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Song of Quietness by Robinson Jeffers |

Song of Quietness
by Robinson Jeffers

Drink deep, drink deep of quietness,

And on the margins of the sea

Remember not thine old distress

Nor all the miseries to be.

Calmer than mists, and cold

As they, that fold on fold

Up the dim valley are rolled,

Learn thou to be.


The Past--it was a feverish dream,

A drunken slumber full of tears.

The Future--O what wild wings gleam,

Wheeled in the van of desperate years!

Thou lovedst the evening: dawn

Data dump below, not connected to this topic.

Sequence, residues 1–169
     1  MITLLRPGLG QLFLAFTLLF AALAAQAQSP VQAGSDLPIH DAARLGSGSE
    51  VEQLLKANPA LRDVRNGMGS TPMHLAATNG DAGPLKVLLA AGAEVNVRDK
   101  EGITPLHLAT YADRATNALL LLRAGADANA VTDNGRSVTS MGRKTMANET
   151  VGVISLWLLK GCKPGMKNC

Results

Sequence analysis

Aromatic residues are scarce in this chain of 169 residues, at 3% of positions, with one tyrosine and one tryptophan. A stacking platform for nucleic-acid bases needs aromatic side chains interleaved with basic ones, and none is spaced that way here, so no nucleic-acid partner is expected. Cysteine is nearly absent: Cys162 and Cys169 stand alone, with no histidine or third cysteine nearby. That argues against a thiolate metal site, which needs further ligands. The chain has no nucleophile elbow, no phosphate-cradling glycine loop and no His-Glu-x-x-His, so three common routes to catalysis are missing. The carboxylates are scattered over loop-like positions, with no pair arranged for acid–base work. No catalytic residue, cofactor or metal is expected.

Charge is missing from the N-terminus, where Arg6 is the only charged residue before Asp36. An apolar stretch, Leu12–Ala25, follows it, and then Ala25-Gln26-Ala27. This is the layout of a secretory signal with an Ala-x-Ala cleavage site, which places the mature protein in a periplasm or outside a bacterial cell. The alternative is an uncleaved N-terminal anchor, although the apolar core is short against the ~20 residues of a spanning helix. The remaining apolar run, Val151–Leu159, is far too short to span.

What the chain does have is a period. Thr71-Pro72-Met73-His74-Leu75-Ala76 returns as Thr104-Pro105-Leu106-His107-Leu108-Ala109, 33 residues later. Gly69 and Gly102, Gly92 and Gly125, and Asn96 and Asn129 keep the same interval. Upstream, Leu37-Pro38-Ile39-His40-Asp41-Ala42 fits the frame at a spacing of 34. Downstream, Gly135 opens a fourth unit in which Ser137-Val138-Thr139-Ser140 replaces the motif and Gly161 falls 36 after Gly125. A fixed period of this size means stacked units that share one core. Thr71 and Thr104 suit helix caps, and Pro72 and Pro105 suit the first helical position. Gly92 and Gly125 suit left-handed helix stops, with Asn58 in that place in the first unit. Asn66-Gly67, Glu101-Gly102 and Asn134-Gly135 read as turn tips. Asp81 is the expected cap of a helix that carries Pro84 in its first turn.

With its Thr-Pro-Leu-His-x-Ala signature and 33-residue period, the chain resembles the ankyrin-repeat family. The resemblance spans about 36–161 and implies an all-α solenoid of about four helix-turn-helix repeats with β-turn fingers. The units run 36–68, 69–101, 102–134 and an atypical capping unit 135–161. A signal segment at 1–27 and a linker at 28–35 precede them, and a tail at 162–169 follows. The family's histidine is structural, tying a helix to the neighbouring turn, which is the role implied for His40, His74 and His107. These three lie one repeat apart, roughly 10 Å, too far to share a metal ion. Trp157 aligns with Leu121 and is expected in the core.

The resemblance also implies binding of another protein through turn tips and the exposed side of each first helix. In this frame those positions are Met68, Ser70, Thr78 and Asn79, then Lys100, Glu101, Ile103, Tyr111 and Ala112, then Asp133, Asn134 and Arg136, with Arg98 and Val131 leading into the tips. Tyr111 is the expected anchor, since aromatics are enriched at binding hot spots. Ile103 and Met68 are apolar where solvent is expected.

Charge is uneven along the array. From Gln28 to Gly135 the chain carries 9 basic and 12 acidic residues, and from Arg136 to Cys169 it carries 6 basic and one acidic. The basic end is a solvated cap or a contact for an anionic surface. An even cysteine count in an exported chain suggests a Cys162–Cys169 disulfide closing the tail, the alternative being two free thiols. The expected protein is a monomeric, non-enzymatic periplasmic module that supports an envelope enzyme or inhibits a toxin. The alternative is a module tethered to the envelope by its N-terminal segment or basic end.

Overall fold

Glimmers; the night is gone:--

What dangers lure thee on,

What dreams more fierce?


But meanwhile, now the east is gray,

The hour is pale, the cocks yet dumb,

Be glad before the birth of day,

Take thy brief rest ere morning come:

Here in the beautiful woods

All night the sea-mist floods,--

Thy last of solitudes,

Thy yearlong home.


About This Poem

"Song of Quietness" first appeared in Jeffers's collection Californians, published not long after he began his lifelong residence in the state.
Robinson Jeffers was born on January 10, 1887, in Allegheny, Pennsylvania, a town which is now part of Pittsburgh. The interest in nature apparent in his poetry extended into his daily life; he even built his own stone cottage overlooking Carmel Bay in California. Jeffers died in 1962.
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